To address this reluctance, it's incumbent on employers wanting employees to be vaccinated to be honest about the reasons for return to workplace, to make it easy to get the shots, to be prepared to accept some side-effect impact on workforce productivity and to reinforce that senior leadership are getting their shots, too.
Many organizations established COVID-19 microsites to keep employees current on emerging developments. Some even created personalized hubs that provide updates localized to the individual, with geolocated mobile capability to find local testing sites and in-network treatment facilities.
These same tools can be repurposed to help employees and their families find out how to register for government-distributed vaccinations. They can also provide users with self-selected healthcare content to address vaccination concerns, and top-down communication to reinforce the need for a safe workplace and affirm the commitment of senior leadership.
Technology can give employers the ability to provide their employees with notifications and self-service scheduling to facilitate efficient inoculations. For these employers, it's critical that vaccine distribution policies are clearly articulated and that they follow reasonable expectations for how vaccinations for various waves of the virus are prioritized.
Workplace vaccination tracking
In many developed countries, including the U.S., vaccinations are not tracked nationally. Additionally, data collected on government-administered shots wouldn't be available to employers for privacy reasons anyway, so any tracking will require individual effort.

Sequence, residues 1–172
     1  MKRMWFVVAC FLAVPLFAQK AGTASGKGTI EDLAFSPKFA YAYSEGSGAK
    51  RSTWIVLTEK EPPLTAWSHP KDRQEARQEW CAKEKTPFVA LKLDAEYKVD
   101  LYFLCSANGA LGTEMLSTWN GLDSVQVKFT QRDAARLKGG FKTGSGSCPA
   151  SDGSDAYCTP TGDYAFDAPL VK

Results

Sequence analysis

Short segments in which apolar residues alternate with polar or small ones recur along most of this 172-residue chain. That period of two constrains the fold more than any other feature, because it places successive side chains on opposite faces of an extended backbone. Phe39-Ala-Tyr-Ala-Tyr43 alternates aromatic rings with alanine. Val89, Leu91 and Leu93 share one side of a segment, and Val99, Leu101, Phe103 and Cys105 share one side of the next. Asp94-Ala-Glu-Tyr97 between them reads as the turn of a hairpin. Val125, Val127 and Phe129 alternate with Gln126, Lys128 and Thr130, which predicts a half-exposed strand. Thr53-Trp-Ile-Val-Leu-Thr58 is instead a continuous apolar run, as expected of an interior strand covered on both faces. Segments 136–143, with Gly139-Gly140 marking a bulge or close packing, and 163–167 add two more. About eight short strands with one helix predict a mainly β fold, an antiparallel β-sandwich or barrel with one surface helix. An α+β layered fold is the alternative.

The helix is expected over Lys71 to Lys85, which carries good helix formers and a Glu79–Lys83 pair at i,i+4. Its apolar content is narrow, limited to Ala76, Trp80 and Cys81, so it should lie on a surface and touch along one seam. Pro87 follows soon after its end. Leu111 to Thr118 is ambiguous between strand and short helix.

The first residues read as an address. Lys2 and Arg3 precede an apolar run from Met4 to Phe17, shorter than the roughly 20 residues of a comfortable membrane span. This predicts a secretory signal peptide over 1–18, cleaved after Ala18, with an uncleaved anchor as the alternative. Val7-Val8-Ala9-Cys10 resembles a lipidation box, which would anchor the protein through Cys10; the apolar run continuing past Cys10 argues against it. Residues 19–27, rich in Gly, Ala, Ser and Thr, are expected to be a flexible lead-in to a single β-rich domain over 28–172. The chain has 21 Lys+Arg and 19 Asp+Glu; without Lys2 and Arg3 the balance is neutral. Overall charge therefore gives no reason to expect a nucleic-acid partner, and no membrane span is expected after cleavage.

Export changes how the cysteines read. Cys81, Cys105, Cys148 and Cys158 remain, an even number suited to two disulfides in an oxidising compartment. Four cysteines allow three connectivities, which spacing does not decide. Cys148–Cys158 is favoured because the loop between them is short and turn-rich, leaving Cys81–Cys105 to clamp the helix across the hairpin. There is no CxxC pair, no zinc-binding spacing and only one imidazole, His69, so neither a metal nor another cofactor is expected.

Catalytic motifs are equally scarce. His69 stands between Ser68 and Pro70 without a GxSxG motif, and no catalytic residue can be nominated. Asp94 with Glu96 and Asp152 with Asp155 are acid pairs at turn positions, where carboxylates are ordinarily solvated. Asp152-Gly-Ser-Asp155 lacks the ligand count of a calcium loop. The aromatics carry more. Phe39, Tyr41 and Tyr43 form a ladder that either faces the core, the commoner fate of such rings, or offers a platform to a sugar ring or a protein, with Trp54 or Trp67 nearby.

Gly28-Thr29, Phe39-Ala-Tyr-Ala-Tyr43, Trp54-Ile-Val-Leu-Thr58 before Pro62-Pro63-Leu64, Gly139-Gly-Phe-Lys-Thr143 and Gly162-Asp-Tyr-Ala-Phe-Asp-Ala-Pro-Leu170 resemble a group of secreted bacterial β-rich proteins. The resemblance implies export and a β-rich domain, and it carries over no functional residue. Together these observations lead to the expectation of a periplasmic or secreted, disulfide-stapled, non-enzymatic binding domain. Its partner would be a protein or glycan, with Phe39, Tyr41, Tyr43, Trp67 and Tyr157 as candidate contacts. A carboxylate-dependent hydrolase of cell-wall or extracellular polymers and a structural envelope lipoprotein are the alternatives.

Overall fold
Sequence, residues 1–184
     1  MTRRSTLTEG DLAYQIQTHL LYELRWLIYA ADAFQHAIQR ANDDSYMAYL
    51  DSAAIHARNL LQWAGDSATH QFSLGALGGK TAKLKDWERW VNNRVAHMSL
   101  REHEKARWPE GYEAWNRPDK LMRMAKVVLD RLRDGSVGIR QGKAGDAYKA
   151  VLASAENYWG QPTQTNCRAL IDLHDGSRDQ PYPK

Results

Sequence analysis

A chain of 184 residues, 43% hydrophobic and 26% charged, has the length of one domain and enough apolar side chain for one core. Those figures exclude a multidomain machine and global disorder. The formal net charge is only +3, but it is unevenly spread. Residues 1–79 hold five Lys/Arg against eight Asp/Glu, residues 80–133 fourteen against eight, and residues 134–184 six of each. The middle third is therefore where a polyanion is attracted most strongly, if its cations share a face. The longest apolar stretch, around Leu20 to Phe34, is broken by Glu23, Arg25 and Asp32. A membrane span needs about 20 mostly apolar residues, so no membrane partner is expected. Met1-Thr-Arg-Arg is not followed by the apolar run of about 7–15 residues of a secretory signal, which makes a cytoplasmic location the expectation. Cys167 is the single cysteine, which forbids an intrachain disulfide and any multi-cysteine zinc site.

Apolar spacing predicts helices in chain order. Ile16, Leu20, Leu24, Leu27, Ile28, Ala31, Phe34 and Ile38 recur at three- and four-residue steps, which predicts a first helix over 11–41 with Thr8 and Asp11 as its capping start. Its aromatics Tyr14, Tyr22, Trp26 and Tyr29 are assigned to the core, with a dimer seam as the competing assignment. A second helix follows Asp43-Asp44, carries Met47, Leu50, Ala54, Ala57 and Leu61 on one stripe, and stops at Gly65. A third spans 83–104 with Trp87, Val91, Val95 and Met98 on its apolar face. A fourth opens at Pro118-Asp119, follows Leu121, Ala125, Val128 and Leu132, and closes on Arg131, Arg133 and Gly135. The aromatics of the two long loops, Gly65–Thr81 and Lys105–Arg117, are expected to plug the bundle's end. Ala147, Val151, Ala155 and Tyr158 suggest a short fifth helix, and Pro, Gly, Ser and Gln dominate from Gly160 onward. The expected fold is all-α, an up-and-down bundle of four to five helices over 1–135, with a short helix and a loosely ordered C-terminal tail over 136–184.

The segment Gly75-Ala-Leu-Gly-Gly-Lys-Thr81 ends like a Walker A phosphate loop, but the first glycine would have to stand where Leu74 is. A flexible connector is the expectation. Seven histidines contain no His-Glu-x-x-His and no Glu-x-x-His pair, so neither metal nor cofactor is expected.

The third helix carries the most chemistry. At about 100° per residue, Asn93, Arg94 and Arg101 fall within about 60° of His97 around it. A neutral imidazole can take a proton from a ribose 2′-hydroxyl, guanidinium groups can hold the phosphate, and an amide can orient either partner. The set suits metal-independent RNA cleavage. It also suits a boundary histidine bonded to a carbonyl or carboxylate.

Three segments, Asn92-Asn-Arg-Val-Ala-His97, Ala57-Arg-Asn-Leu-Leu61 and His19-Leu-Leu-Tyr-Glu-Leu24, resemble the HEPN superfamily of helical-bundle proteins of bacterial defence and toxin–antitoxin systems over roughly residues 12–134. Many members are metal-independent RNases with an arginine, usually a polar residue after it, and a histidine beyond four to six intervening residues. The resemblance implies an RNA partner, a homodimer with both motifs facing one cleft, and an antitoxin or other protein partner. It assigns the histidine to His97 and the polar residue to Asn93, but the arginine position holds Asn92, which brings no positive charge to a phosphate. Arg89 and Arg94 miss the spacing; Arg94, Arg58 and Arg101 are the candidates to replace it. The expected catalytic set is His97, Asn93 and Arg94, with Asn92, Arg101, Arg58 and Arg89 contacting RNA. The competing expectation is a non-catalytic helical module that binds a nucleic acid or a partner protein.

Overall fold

People in the U.S. receiving COVID-19 vaccines will receive a physical vaccination card that could be used as a verification method for employers that mandate the shots. Most current benefits administration technology allows for mobile-scanned images to be uploaded and the information collected. However, HIPAA privacy requirements as well as other confidentiality issues would need to be examined before an employer makes a decision to collect this information as proof.
Less obtrusive methods include using survey technologies to capture an employee's declaration that they've been vaccinated, or simply disseminating a policy that by returning to the office, individuals acknowledge they've had the vaccine. Of course, taking either of these paths would make a mandate less reassuring to those reluctant to return in the first place.
There is plenty to consider.
The 2021 workplace
Whether mandated, encouraged or indifferent, employers will face plenty of legal, ethical, practical and technological considerations when it comes to the impact of vaccinations on the workplace. With a safety-first mentality, honest and open communication, and simplicity in whatever process is implemented, we just might get back to a familiar place in 2021.
About the author
Scot Marcotte is the chief technology officer at Buck, an integrated HR consulting, technology and benefits administration services firm. For 29 years he has helped organizations solve human resources challenges through the strategic use of data, communication and technology. He holds a certified employee benefit specialist (CEBS) designation, has co-authored a book on employee engagement, was named Xerox's innovator of the year and is a regular presenter at global HR conferences.